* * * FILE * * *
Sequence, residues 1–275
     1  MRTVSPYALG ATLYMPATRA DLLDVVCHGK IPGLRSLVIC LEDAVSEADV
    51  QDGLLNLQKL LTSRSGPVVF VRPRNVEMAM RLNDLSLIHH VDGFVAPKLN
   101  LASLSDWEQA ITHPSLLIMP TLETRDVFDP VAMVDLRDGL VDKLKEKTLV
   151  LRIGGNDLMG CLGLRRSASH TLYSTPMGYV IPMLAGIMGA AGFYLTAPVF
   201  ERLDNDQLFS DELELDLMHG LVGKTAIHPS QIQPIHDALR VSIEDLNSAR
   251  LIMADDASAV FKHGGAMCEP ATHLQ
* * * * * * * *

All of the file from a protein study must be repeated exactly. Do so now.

Sequence, residues 1–275
     1  MRTVSPYALG ATLYMPATRA DLLDVVCHGK IPGLRSLVIC LEDAVSEADV
    51  QDGLLNLQKL LTSRSGPVVF VRPRNVEMAM RLNDLSLIHH VDGFVAPKLN
   101  LASLSDWEQA ITHPSLLIMP TLETRDVFDP VAMVDLRDGL VDKLKEKTLV
   151  LRIGGNDLMG CLGLRRSASH TLYSTPMGYV IPMLAGIMGA AGFYLTAPVF
   201  ERLDNDQLFS DELELDLMHG LVGKTAIHPS QIQPIHDALR VSIEDLNSAR
   251  LIMADDASAV FKHGGAMCEP ATHLQ